Following a rash of suicides in recent months in which people have taken their lives on camera during Facebook Live broadcasts, the social network unveiled today a handful of suicide prevention tools.

A feature on Facebook already enables users to report posts that seem concerning to a team that reviews such requests 24/7, and then either suggests helpful resources or prompts friends to reach out with pre-populated messages of support. Today, however, the company announced three new tools that will enable users to: respond to concerns in real time via Facebook Live; receive chat support from crisis support organizations through Facebook Messenger; and utilize artificial intelligence-assisted reporting tools.

“Facebook is in a unique position — through friendships on the site — to help connect a person in distress with people who can support them,” the company explained in a blog post.

On Facebook Live, for instance — where a 14-year-old Miami native named Nakia Venant hanged herself during a two-hour broadcast in January, 33-year-old aspiring actor Frederick Jay Bowdy shot himself in the head on camera earlier this year, and a 22-year-old Turkish man named Erdogan Ceren committed suicide following a breakup in October — viewers will now be able to reach out to streamers directly as well as report concerning broadcasts to Facebook. Viewers can also receive contact information for help lines, as well as tips on how to handle such situations.

Clearly, this is a concern that’s proliferating across the livestreaming industry: competing app tells Tubefilter it’s working on similar tools.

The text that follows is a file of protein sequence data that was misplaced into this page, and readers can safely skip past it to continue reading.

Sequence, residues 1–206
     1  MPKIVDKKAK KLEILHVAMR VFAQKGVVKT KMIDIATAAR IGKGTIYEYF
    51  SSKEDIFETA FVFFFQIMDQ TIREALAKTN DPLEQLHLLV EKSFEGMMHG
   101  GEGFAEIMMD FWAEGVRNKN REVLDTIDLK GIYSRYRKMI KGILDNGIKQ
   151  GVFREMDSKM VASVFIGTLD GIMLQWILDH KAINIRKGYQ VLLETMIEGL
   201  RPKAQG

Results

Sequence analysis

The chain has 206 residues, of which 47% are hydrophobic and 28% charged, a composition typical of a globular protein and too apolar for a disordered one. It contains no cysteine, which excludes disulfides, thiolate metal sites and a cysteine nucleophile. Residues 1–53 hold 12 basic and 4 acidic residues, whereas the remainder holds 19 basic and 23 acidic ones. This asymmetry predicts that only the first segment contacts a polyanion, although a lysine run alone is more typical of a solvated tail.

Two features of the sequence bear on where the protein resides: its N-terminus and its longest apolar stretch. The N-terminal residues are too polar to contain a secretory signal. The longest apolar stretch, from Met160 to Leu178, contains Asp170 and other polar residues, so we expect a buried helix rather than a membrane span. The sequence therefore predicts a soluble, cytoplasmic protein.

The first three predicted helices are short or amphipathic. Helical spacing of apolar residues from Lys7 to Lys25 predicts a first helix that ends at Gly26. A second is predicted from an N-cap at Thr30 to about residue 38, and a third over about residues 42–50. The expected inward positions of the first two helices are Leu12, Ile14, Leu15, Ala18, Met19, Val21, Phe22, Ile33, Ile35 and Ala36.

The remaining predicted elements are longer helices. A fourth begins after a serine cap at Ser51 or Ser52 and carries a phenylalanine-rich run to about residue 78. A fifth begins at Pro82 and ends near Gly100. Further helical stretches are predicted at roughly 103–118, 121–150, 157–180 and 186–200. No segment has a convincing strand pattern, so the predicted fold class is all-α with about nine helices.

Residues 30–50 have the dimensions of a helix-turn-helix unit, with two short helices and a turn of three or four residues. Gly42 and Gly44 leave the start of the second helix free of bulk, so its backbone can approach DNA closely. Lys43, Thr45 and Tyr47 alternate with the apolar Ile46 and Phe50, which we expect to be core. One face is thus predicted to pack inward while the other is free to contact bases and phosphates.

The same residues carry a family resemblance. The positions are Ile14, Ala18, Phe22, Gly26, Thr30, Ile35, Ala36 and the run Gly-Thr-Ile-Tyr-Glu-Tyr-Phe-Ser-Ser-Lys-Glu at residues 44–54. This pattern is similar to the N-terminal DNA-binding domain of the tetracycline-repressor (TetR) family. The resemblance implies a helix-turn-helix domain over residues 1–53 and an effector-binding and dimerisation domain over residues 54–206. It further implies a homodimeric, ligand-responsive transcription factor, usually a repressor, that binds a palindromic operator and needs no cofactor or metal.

Perhaps most interestingly, however, Facebook says it’s piloting the use of artificial intelligence to recognize patterns of suicidal behavior in posts. For now in the U.S., when alarming posts are identified by Facebook’s software, the company’s Community Operations team will review the post and send along pertinent resources — even if it has not been reported by another user.

Finally, Facebook — which says it began developing suicide prevention tools 10 years ago alongside partners like the Crisis Text Line and the National Suicide Prevention Lifeline — is now integrating these organizations directly into Messenger. Users can now communicate with experts from the aforementioned organizations, as well as the National Eating Disorder Association, to receive real-time assistance.

Facebook also launched today a video campaign alongside these partners to continue to raise awareness. Check it below:

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